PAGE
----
Preparing for heavy sailing weather before it arrives!

Captain John crewed aboard "Rubicon"--an Outbound 44--from Newport, Rhode Island to St. Maarten in the Caribbean.
Safety and preparation go hand-in-hand for heavy weather. Crew, topsides, and below decks need to be readied if you suspect a blow in the offing. Even if it never develops, you will have the peace-of-mind that you, your crew and small sailboat are well prepared for what may come your way. John Jamieson (Captain John) here offers some salient advice:

Crew Safety ~ Take Care of Your Sailing Crew

Why place sailing crew first? Your crew represents the most important element in successful sailing. Heavy weather sailing--in particular in cool or cold weather--can take a toll on crew. Take care of yourself and your crew first, whether there is only one or a full crew.

Count on the fact that most sailing crew shy away from discussions of sea sickness, fatigue, aches and pains, etc. Take the lead and suggest that all crew begin sea sick medication, rest, and hydration at least 48 hours before a trip. This will help control sea sickness and fatigue.

If sailing in cold weather, make sure that crew have adequate outerwear. Be alert for the first sign of hypothermia--shivering. Rotate watches at a more frequent interval to keep your crew rested and warm.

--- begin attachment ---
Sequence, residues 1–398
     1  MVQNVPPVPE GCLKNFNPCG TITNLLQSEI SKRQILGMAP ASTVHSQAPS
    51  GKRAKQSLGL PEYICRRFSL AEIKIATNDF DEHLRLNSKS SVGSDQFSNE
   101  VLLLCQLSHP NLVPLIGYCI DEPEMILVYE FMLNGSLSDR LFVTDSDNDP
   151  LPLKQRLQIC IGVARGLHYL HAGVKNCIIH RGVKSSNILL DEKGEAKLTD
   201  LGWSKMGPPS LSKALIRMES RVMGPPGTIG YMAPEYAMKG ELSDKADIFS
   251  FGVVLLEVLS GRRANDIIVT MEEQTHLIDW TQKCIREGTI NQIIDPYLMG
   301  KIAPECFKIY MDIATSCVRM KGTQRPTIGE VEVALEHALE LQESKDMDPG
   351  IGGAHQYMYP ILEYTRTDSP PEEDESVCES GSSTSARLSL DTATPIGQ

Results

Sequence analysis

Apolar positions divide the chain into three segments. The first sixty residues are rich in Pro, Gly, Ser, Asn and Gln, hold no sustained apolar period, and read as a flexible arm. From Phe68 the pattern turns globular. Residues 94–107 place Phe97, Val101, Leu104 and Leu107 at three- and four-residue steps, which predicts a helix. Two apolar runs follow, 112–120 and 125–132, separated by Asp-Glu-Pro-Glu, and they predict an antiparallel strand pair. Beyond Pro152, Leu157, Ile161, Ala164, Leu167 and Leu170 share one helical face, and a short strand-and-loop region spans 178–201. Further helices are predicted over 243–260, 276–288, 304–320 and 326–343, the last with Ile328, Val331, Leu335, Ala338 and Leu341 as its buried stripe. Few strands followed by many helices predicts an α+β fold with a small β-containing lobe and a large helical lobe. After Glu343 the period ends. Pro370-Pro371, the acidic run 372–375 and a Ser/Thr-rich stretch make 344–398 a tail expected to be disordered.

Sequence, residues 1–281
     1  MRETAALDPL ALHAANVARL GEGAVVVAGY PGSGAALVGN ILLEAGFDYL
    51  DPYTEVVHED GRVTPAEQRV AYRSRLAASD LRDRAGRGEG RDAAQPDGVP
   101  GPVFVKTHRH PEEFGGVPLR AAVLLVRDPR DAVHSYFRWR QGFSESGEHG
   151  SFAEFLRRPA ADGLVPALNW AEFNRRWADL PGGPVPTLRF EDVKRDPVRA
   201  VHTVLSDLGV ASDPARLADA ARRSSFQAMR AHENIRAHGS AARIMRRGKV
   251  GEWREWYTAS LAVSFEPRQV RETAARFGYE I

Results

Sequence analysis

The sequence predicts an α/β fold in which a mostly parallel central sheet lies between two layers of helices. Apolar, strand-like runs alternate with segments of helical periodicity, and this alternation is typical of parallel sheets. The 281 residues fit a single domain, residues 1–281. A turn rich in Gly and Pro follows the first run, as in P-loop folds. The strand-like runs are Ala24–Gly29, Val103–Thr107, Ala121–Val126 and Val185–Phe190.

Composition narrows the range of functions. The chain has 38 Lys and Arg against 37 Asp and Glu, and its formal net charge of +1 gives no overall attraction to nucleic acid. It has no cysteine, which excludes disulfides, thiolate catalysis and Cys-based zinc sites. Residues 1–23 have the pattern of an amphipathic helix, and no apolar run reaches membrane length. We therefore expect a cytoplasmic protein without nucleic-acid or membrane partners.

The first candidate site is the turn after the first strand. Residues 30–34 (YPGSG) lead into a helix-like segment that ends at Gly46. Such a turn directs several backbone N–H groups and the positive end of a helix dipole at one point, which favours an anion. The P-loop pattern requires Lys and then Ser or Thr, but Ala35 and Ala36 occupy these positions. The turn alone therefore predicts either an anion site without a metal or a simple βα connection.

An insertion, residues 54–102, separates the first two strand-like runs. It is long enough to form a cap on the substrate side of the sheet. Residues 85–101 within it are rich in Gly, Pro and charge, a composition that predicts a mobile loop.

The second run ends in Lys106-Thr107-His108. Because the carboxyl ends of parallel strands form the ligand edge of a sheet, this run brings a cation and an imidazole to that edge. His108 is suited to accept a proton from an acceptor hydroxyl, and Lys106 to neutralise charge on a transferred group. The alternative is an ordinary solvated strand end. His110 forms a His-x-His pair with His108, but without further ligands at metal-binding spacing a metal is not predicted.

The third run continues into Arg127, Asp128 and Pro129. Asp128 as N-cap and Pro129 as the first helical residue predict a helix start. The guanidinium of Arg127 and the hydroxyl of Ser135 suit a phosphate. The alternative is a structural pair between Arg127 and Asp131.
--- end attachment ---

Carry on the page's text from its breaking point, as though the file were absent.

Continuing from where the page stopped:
If sailing in warmer weather, make hourly hydration your priority. Encourage your crew to drink water or one of the popular electrolyte replacement beverages (Emergen-C, Gatorade) to keep hydrated.

Deck Topsides Safety ~ Clear, Lash, and Coil:

Think of anything in the open of a sailboat as topsides. If you climb from the cabin to the cockpit, you are 'going topsides'. Clean decks make for safer sailing. Matter of fact, a quick study of sailboat racing disasters shows this one factor again and again. Those boats that had clean, clear decks sustained less damage, less injuries, and less rescues!

Keep the bow and side decks free of debris or sailing gear and fenders. After each tack or reach or trim, insist that lines be coiled. This needn't be anything fancier than a simple stack of bights. Mainsheet and Genoa sheets need to be ready to run, free of kinks and snarls.

Use extra lashings on liferaft canisters. Check the lashings on flaked headsails stopped off along the toerail or lifelines. Double check lifeline end points (cotters, rings, pelican hooks). Tape over pelican hook bales. Turn cowl vents around so that the open vent faces aft. This will keep the cowl from blowing out of the mount in gusts or waves that break aboard.

Below Decks Safety ~ Lash and Stow Below

Stuff lockers that you suspect have loose gear with towels, pieces of foam, or rags. These will keep small containers or silverware from rolling about. Double check that locker hasps, latches, and dogs are closed and anchored. Stow any loose gear with bungee cord or line to prevent 'missile hazards' (flying objects that can cause injury or damage when the boat takes an unexpected roll).

Put these sailing tips into play before heavy weather arrives at your position. This will help keep your sailing crew or partner and small sailboat safe and sound on the waters of the world--wherever you choose to cruise!

John Jamieson (Captain John) with 25+ years of experience shows you the no-nonsense cruising skills you need for safer sailing worldwide. Visit his website. Sign up for the Free, highly popular weekly 'Captain John's Sailing Tip-of-the-Week'. Discover how you can gain instant access to hundreds of sailing articles, videos, e-Books and more!